Right after WWII, a group of governments put a global financial system in place that was meant to ensure economic growth and stability. Called the Bretton Woods System, it used gold-backed US dollars as an impartial international currency and controlled the exchange of currency between nations. That US currency wasn’t impartial, though, and the whole systems slowed British banking so much that bankers became more known for short work days and boozy lunches than for their work.
For The Guardian, Oliver Bullough explains how a banker named Ian Fraser helped upend that old system, which led to offshore banking and allowed for the unprecedented concentration of wealth we now see in a handfull of the world’s richest people. As Bullough points out, this is all like a real life version of Goldfinger, from the James Bond book. Too bad real life doesn’t have as happy an ending. Thanks a lot, Fraser!
Warburg’s new bond issue – these bonds became known as “eurobonds,” after the example set by eurodollars – was led by Ian Fraser, a Scottish war hero turned journalist turned banker. He and his colleague Peter Spira had to find ways to defang the taxes and controls designed to prevent hot money flowing across borders, and to find ways to pick and choose different aspects of different countries’ regulations for the various elements of their creation.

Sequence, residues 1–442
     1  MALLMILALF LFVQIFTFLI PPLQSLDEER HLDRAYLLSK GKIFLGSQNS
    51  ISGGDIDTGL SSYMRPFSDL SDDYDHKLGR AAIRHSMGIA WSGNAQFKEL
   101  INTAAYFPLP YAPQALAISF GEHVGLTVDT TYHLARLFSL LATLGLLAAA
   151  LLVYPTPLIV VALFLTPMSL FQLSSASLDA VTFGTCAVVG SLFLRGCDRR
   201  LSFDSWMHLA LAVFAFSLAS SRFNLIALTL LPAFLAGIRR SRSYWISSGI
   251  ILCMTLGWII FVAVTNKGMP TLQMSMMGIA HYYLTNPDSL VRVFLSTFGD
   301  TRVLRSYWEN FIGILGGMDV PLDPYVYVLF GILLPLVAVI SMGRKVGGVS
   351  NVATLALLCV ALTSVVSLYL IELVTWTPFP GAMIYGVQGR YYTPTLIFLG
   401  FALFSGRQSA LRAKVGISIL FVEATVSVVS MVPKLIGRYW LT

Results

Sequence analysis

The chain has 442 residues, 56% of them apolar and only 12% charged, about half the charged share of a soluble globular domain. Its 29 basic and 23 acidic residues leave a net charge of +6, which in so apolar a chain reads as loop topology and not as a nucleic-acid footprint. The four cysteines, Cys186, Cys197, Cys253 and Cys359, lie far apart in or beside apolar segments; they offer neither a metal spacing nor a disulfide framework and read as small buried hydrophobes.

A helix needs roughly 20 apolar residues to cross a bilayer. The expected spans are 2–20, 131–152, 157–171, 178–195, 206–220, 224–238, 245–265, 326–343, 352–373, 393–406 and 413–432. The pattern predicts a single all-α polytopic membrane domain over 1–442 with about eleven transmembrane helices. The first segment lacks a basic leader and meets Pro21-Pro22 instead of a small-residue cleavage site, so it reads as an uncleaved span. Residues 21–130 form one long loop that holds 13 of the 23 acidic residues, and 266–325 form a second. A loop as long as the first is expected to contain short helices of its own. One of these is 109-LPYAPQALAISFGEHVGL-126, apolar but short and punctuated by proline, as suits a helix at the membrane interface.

If the bonds had been issued in Britain, there would have been a 4% tax on them, so Fraser formally issued them at Schiphol airport in the Netherlands. If the interest were to be paid in Britain, it would have attracted another tax, so Fraser arranged for it to be paid in Luxembourg. He managed to persuade the London Stock Exchange to list the bonds, despite their not being issued or redeemed in Britain, and talked around the central banks of France, the Netherlands, Sweden, Denmark and Britain, all of which were rightly concerned about the eurobonds’ impact on currency controls. The final trick was to pretend that the borrower was Autostrade – the Italian state motorway company – when really it was IRI, a state holding company. If IRI had been the borrower, it would have had to deduct tax at source, while Autostrade did not have to.
The cumulative effect of this game of jurisdictional Twister was that Fraser created a bond paying a good rate of interest, on which no one had to pay tax of any kind, and which could be turned back into cash anywhere. These were what are known as bearer bonds. Whoever possessed the bond owned them; there was no register of ownership or any obligation to record your holding, which was not written down anywhere.